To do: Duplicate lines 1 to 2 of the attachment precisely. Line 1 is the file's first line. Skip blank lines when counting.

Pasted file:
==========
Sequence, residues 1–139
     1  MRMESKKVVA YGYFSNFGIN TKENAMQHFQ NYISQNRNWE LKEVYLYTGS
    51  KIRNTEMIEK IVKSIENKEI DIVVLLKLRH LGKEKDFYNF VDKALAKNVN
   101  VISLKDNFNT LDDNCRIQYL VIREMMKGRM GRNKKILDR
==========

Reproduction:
Sequence, residues 1–139
     1  MRMESKKVVA YGYFSNFGIN TKENAMQHFQ NYISQNRNWE LKEVYLYTGS